Scientists have developed a new smartwatch with a display that moves in five different directions – dramatically improving functionality and addressing limitations of today’s fixed-face watches. The watch, named Cito, has the ability to rotate, hinge, translate, rise and orbit. Beyond making the watches more convenient for users, the technology can provide important benefits to wearers with physical disabilities or other impairments, researchers said.”Users want smartwatches that fit their lifestyles and needs,” said Xing-Dong Yang, assistant professor at Dartmouth College in the US.
“The Cito prototype is an exciting innovation that could give consumers even more great reasons to wear smartwatches,” said Yang. Most smartwatch research primarily addresses how users can more easily input information. Cito aims to remove awkward moments associated with using smartwatches by improving how the device presents data to the wearer.
Examples of watch movement include automatically orbiting around the wristband to allow viewing when the wrist is facing away from the user; rising to alert the wearer of a notification if the user is playing a game; hinging to allow a companion to view the watch face; and translating to reveal the watch face from underneath a shirt sleeve. “Consumers will question the need for smartwatches if the devices are just not convenient enough. Cito proves the true potential of smartwatches and shows that they can be functional and fun,” said Yang.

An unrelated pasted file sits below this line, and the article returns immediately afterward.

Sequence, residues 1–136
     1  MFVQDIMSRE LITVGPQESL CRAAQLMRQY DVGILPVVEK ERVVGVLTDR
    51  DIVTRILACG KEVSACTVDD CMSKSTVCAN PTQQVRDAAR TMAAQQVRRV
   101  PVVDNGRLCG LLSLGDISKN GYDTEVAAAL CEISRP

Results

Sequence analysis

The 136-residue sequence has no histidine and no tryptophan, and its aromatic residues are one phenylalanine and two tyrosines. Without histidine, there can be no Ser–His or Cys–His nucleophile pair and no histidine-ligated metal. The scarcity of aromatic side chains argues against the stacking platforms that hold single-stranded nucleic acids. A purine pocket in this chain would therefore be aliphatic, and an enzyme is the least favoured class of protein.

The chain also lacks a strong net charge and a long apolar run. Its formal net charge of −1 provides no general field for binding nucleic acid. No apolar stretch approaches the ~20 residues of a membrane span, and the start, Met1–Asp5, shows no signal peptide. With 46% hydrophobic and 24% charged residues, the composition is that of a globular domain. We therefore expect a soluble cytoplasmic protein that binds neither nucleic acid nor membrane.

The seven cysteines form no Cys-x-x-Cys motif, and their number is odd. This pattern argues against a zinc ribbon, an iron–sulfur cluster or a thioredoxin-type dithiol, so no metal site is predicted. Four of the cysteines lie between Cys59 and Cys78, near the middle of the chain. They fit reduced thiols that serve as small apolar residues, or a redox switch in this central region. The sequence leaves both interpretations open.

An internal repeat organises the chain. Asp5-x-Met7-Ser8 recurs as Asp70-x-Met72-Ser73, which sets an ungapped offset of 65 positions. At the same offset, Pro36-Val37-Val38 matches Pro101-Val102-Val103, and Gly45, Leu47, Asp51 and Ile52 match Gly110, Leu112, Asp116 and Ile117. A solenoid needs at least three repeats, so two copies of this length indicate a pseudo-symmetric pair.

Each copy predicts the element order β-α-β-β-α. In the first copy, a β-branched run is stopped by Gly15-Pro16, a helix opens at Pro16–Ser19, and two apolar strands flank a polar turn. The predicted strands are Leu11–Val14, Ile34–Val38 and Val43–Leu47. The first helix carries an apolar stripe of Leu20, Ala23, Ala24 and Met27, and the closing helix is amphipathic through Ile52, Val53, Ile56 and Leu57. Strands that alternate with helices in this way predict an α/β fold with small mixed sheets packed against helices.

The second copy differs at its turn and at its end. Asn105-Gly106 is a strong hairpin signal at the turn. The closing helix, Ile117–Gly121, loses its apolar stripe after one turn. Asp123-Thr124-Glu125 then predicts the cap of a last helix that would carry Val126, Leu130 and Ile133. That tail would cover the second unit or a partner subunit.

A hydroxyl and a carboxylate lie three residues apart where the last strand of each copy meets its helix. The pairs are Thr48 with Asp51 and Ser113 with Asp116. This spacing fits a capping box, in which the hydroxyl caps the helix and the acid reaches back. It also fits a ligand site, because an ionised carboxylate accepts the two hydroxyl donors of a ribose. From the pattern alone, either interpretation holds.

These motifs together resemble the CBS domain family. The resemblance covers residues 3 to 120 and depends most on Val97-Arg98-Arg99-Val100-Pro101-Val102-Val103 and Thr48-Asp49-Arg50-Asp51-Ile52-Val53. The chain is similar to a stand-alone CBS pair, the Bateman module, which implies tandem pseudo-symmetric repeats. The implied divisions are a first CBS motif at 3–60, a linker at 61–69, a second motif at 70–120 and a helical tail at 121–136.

The five watch face movements can be performed independently or combined. “We recognise that our work investigates a radical idea, but our hope is that we also show how a methodical and principled approach can explore any such radical visions,” researchers said. In developing the prototype, researchers conducted two separate studies to confirm the usefulness, social acceptability and perceived comfort of different watch movements and usage contexts.